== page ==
Perhaps it's fitting that I'm writing this entry during a windstorm. After weeks of barely scraping by (teaching + taking my own grad school classes), I finally have a break-- and my mind is throwing a hissy fit about it.
How we weigh our worth against the fullness of a dayplanner...
I have trained my life to be one big spiral of motion and stimulation. Though I have taken courses in mindfulness and attend a Friends' (unprogrammed) Meeting, "slow time" still intimidates me to the core. Rarely do I go a day without some combo of radio, phone, car, NetFlix, and/or Internet.
According to a recent article from Slate.com: "Our internal sense of time is believed to be controlled by the dopamine system. People with hyperactivity disorder have a shortage of dopamine in their brains, which a recent study suggests may be at the root of the problem. For them even small stretches of time seem to drag... Our constant Internet scrolling is remodeling our brains to make it nearly impossible for us to give sustained attention... Like the lab rats, we keep hitting "enter" to get our next fix."
At one point this past year, I did Tai Chi in the mornings with NPR on in the background. No joke. Now, this is as oxymoronic as it gets. One cannot "center down," cannot root herself to calmness/balance while listening to strategic stories about car bombs and sex scandals. And yet, I was determined to try!
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Since my last post, I've connected with old college friends. We hadn't seen each other for seasons. Just one night of talking face-to-face reminded me why I never want to distance those I care about by keeping them one-dimensional on a computer or cell phone screen.
The same goes for emails. There is something so unique, generous, mindful about letter writing. To this day, checking the mailbox makes me giddy (that is, when our mailbox is still there in this shiesterly college town).
My parents lived briefly in a country that had no working mail system. For two years, my parents were short emails and 4-minute conversations over crackling telephones. Emails were precious, but they didn't make me cry or laugh like the few letters carried back by visitors did. Seeing a person's handwriting is like having them sitting there with you, reading along. When we write a letter, we do it deliberately. (How many things in life do we truly do deliberately, without multi-tasking?) We sit down, think about form, tone, pacing, even pen color. An email--for the most part--is quick and dirty. Informational. And its privacy, its true intimacy? Dicey.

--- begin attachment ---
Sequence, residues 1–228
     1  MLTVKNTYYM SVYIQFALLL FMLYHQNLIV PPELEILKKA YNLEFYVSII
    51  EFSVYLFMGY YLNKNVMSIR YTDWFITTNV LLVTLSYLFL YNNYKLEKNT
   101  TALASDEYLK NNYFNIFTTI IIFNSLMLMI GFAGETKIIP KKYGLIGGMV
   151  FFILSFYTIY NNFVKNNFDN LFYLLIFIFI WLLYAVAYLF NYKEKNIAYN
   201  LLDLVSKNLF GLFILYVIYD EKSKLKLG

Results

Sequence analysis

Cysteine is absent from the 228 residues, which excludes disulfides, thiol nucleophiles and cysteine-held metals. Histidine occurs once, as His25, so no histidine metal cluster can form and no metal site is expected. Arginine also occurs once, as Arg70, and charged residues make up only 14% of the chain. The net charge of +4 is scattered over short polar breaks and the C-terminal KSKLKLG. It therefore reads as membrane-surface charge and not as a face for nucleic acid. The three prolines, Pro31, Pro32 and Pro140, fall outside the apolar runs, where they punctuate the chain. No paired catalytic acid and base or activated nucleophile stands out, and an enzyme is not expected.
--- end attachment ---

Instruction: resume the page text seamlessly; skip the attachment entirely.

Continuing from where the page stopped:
A discussion on this topic (12/9/09 Diane Rehm Show)
A few years back, a group of friends wanted to visit the author, activist, and farmer Wendell Berry. Berry is a prolific writer-sage whose distance from technology is generous. For decades, he and his wife have welcomed visitors on Sunday afternoons during certain months of the year. In order to visit the Berry farm, one has to write snail mail and wait for a reply. For a writer of such magnitude to stick by his pen and paper so vehemently inspires and baffles me. It reminds me that writing letters is, in many ways, still a form of respect, being willing to be in the moment...
That trip to see Wendell Berry was one I will never forget. He resisted our eagerness at first, but his wife drew us 'round their farmhouse table, offereing pie and coffee. And then it started: talk of the world, how we ached for its reconciliation, how we wanted change and justice. And how, perhaps, words could start this change.
Today, as wind brushed the locust trees against the house and "Wagner Opera-d" for me to "do, do, do...something!" I sat by the woodstove and made homemade cards. No music. No newscast. Just me, the wind, and my slowed-down-onto-paper musings. Revelations come in small tornados, but they also come when we face the self, sit down, let things cool and settle, surface. I wrote letters because I wanted to give someone a little corner of the current me. I remembered how my Grandma taught me cursive, how my "R's" still slant like hers...
I signed my own name.